Beyoncé took over Coachella this weekend, effectively re-naming the festival Beychella, a term her fans coined just after she took the stage in Indios, California. She also took over Twitter, as the website flooded with tweets about her epic headlining performance. According to a spokesperson for Twitter, the users employed the hashtag #Beychella over two million times, while #coachella got a measly 800,000. Ergo, Beychella > Coachella forevermore. (That said, the terms Coachella and #coachella appeared together three million times, while Beychella/#beychella only appeared 2.2 million times. Do with that information what you will.)
Beyoncé was the first Black woman to headline the "boho" California music festival. She delayed the gig by a year after discovering she was pregnant with twins — less than a year after giving birth to Sir and Rumi Carter, Beyoncé took the stage in an HBCU-inspired performance that will go down in history. Balmain designed the costumes for the performance. Destiny's Child reunited. Jay-Z Carter materialised to perform with his wife. All of it was iconic, and all of it overshadowed Coachella itself, which has ballooned into a bizarrely corporate display of bohemian kitschiness. Coachella itself has also been plagued by criticism for the political leanings of its partial owner Philip Anschutz. On top of that, tickets go for more than $400 a pop. It is, in many ways, the antithesis of the artists it supports.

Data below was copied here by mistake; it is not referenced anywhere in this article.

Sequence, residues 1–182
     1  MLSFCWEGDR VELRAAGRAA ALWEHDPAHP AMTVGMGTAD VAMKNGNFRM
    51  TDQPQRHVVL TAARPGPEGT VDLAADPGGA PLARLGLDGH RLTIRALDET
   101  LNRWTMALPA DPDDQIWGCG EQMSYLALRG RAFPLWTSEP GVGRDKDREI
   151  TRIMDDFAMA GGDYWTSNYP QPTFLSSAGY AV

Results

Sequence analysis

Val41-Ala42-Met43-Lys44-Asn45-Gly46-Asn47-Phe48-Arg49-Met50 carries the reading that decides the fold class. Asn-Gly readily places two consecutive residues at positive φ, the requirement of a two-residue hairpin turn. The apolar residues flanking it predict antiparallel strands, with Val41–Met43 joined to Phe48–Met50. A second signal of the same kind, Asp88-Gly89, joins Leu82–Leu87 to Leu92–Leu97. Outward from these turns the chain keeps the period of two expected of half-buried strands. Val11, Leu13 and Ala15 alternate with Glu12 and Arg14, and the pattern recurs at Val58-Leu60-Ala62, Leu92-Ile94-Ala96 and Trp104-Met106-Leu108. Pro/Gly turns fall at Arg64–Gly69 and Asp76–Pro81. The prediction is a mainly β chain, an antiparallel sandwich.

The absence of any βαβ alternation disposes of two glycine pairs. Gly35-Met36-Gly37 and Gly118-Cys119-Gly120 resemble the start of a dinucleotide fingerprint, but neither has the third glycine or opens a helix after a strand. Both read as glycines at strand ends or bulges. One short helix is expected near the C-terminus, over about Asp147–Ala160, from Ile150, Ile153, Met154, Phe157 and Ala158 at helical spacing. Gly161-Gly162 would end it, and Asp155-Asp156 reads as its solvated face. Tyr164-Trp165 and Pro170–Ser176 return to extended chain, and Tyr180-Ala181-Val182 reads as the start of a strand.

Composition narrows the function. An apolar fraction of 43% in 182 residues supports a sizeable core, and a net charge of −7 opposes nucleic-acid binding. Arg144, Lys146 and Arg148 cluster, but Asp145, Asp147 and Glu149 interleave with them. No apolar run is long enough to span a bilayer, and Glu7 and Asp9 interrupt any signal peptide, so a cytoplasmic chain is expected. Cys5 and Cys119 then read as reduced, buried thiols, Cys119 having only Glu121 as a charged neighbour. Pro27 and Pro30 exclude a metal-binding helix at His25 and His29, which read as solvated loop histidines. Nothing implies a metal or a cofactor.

Beyoncé, with her performance, shifted the conversation away from Coachella and toward something different. In the hours following her performance — tweets per minute peaked at 1:14 a.m. PST, right after her set — Twitter was deep in discussion about Beychella, not Coachella. Next year, when there's a new headliner, maybe the festival won't matter anymore. Or, hell, maybe Beyoncé will establish her own yearly festival titled Beychella. No one would complain.